It is estimated that someone in America will develop Alzheimer's disease every 67 seconds. As many as 500,000 new cases of Alzheimer's disease are expected to be diagnosed this year.
With no known cure, the Food & Drug Administration is anticipated to make a historic decision Monday, June 7 on whether to approve the first-ever treatment for mild cognitive decline and early-stage dementia caused by Alzheimer’s.
The drug called Aducanumab is said to work by binding to the plaques between neurons and causing an immune response that removes them.
“That plaque is what is believed to gum up the brain in people who have the disease, so the long-held ‘amyloid theory’ suggests that if the plaque can be cleared away, cognition could improve, or at the very least, decline more slowly,” explained Manisha Parulekar, M.D., director, Division of Geriatrics, Hackensack Meridian Hackensack University Medical Center.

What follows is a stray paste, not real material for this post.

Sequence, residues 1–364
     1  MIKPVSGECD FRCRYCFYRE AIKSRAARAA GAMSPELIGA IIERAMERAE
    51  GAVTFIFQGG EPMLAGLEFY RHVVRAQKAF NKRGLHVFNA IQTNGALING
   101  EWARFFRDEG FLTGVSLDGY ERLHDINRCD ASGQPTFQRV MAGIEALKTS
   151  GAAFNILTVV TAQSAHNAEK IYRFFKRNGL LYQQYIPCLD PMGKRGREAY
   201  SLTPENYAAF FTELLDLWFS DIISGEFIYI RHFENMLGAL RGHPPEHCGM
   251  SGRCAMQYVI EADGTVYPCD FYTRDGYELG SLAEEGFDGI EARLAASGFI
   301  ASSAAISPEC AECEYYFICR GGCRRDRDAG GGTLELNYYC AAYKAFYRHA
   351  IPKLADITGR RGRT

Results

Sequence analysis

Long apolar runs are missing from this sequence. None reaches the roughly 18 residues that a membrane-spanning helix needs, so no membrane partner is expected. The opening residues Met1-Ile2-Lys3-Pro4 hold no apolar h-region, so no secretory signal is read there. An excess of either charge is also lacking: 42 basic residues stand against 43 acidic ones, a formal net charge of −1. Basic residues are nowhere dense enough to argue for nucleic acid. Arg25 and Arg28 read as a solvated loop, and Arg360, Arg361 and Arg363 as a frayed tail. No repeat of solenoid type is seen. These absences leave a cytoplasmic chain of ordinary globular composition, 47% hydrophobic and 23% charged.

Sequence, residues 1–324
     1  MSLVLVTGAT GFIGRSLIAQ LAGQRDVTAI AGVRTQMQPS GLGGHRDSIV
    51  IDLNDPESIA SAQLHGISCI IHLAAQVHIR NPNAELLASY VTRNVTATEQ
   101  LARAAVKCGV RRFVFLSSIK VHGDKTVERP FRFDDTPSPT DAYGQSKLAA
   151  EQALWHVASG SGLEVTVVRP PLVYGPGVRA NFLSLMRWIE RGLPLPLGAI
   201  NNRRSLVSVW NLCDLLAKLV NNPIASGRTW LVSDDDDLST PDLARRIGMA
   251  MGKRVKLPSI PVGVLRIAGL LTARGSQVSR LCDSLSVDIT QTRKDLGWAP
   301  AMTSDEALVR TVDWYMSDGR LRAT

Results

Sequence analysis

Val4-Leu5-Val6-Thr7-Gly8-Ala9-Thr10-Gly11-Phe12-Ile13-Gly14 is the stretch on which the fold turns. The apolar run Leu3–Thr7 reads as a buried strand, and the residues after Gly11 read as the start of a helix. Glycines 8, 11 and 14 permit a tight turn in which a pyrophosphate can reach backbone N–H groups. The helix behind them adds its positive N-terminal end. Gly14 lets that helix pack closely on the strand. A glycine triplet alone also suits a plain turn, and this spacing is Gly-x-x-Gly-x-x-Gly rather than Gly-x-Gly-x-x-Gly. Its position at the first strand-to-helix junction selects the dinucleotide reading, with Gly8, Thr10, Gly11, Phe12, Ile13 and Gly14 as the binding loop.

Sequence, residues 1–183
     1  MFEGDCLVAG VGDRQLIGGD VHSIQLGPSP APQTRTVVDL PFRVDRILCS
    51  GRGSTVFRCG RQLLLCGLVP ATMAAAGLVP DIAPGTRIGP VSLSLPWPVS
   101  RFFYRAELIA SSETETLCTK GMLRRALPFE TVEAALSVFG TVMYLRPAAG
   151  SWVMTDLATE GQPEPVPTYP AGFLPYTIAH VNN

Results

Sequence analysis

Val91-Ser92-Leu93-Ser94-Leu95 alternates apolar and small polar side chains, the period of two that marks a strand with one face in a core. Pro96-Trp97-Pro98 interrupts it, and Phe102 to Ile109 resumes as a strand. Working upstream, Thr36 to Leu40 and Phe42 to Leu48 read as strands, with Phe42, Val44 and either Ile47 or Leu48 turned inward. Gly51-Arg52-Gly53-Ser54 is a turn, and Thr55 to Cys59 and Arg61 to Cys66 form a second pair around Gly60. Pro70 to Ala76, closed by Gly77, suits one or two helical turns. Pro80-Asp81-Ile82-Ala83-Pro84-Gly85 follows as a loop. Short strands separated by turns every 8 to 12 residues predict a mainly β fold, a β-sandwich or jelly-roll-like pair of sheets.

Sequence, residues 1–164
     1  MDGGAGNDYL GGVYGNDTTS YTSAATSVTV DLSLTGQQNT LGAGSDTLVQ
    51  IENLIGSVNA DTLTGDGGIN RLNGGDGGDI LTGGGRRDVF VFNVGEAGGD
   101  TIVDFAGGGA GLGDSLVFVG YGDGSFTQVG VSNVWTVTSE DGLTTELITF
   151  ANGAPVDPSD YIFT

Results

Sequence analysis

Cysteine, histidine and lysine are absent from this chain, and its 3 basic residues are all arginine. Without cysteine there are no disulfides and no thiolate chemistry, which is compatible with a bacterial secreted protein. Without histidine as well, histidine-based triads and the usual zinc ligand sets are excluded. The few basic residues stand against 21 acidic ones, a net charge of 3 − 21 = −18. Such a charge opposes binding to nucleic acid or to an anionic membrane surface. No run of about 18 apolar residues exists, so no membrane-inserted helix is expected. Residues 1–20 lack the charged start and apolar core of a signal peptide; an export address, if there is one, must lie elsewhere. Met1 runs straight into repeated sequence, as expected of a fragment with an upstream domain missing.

“Regardless of the FDA’s final decision, this is an important moment as we have never before been this close to approval of a medication for Alzheimer’s that could change the progression of the disease, not just the symptoms,” says Dr. Gary Small, chair of Psychiatry at Hackensack Meridian Health.
Both Dr. Parulekar and Dr. Small can be available for comment. I can also get you in touch with the family of an Alzheimer's patient who is happy to share their story.
Mary McGeever, PR Manager, Hackensack University Medical Center